So you want more women at your tech event?

This is what a tech event looks like when women are welcome.

Baby at PodCamp Montreal

This is a photo of me, taken by the talented Eva Blue at PodCamp Montreal 2010. I also brought my baby to WordCamp 2010 about two weeks before this photo was taken. There were at least two other babes in arms at that event. Their dads brought them.

This is what tech events look like when women are less welcome.

An all-male audience at Startup Fest

This photo is the first photo you see when you go to the Startup Festival website. The organizers asked me how to get more women at their event, and I pointed out to them months ago that photos like this do not help. In other words, I gave them a chance to fix it. But they kept the photo up just the same.

(Side note: Hey! Isn’t that copyright infringement? No. It is called “Fair Use.” Look it up.)

Tech conferences are routinely criticized for not having enough women. There aren’t enough women speakers, women organizers or women attendees. What gives? But more importantly, how can you, as a tech event organizer change this?

Over the next few weeks, I’ll offer 17 ways to get more women at your event. I’m doing this for a couple of reasons.

Decent results

I help organize WordCamp Montreal. Over the past three years, we have had the following results.

Women speakers Talks given by women
2009 21% 22%
2010 22% 19%
2011 29% 35%

These numbers don’t quite match up because some talks have two speakers and some speakers speak more than once, which is why both numbers are provided.

Also, in 2010 our keynote speaker was a woman (the wonderful Andrea Rennick) and in 2011 we organized a special “Women & WordPress” session which I’ll blog about later. We also organize our schedule so that attendees can see all the women speakers, if they want to do so. This didn’t happen the first year and some people complained, so it’s now part of our scheduling policy.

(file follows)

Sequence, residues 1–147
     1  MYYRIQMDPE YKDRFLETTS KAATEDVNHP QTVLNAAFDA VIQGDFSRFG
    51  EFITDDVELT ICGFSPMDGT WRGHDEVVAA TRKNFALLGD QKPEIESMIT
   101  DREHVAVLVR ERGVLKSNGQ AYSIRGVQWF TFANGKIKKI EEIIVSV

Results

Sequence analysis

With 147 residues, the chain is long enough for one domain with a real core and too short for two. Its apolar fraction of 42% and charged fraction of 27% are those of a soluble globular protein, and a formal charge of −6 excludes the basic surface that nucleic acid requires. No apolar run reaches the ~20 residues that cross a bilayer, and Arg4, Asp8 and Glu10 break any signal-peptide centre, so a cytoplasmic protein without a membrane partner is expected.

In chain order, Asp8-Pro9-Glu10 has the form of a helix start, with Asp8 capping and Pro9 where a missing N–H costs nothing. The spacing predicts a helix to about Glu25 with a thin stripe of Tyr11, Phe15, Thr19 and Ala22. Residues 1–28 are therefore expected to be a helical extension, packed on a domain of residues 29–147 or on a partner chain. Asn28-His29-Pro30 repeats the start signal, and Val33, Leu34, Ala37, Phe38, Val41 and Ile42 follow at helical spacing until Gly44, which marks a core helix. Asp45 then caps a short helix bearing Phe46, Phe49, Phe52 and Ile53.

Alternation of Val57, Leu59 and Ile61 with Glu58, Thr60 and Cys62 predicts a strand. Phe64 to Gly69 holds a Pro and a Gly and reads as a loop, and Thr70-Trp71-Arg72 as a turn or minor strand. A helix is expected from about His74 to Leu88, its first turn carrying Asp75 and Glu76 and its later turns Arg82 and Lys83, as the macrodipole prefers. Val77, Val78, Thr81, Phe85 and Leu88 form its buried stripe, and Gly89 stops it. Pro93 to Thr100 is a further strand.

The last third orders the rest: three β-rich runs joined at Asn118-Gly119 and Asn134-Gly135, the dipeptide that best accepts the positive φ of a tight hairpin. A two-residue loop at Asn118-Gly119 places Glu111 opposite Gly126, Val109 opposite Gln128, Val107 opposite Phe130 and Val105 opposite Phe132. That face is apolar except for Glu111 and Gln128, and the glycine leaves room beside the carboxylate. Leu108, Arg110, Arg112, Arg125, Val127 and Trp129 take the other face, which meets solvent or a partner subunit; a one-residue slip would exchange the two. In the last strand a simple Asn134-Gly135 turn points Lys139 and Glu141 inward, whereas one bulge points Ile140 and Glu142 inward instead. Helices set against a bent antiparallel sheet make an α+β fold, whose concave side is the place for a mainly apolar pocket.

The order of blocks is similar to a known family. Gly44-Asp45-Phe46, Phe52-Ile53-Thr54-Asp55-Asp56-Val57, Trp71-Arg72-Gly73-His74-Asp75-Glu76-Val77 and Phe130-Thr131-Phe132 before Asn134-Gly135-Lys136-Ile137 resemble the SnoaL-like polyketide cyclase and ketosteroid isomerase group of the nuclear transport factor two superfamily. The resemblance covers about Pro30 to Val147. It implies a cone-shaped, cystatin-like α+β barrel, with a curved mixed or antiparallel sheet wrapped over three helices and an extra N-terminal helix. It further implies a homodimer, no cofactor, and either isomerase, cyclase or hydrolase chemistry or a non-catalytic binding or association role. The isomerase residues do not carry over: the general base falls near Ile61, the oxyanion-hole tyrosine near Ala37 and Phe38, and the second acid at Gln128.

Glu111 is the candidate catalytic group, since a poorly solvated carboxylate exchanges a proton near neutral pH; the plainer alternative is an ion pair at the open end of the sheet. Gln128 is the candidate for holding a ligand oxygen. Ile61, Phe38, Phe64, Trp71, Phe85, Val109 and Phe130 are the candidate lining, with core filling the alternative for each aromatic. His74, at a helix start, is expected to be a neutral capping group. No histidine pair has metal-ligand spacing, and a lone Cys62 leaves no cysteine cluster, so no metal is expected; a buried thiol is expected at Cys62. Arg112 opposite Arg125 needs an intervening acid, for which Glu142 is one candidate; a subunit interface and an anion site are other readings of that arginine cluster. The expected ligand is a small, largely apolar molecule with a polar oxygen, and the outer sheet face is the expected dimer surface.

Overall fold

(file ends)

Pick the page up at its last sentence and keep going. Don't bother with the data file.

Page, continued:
In general, the tech conferences with the most equitable gender ration rarely exceed 25% women speakers. That’s something we’ve done for the first time this year.

You’ll also note that progress can be slow, measured in years. And notice I said “decent” results, not “super-amazing” ones. But it is still progress.

Often at tech conferences there are no women speakers at all.

So, to sum up, we (yes there are even (gasp!) men involved in organizing this event. Don’t forget to tell them they are awesome!) have purposely chosen to provide a generally women-friendly space. You can do that too.

Basta! Enough!

I often hear event organizers complain that it’s “so hard” to get women to come to their events and even harder to recruit women as speakers. I agree. To an extent. But difficult is not the same as impossible. This shouldn’t be used as en excuse to stop trying. So I’m offering 17 ways to make constructive, effective changes to the way events are organized to specifically appeal to women.

Although I’m targeting women, many of the ideas I’ll present should work equally well in increasing various other forms of diversity. So if you have a tech conference with plenty of women (Yay! please invite me!) you will probably be able to use these suggestions to increase the number of people of colour, of the differently abled and the differently gendered as well as a representative cross-section of age groups. That would be amazing.

Who does she think she is?

Does this mean I think I’m perfect? Hell no! It just means that I value diversity and relish the opportunity to nurture it. It means that I’ve made a concerted effort to encourage it (with the help of various super amazing allies) with some success. There is still a lot of room for improvement.

We are still a long way from an equitable representation of diversity. I am certainly not above criticism. But I am committed to examining my own biases, even when it is hard, because it is just The Right Thing To Do®.

So please stay tuned for 17 blog posts!

Agree? Disagree? That’s what the comments are for. Contribute to the discussion.

23 thoughts on “So you want more women at your tech event?

  1. Holy Wow! Love this post, Shannon. Or should I say, sustained campaign (17 posts!) —so much more effective than a quick one-shot post that would soon be lost in the stream(s). Whether we ultimately agree/disagree with every point, your arguments are so nuanced and well-thought out that it will be very difficult for any intelligent person to continue to ignore this issue, once they’ve read it. Brava! A little discomfort with the status quo is good — without a grain of irritating sand, the oyster would never create a pearl.

  2. Fabulous post, and very good point about the photos and other subtle indicators. I’ve gotten used to being in mostly-male environments and it doesn’t particularly intimidate me, but events that REALLY want women to participate are likely to have to make some changes. (I remember when I was a grad student, my advisor had to threaten to quit before her colleagues would adjust the time of faculty meetings so she could pick up her daughter at day care.)

    A pity the VENUES can’t also make some changes, like say providing twice as many bathrooms for women…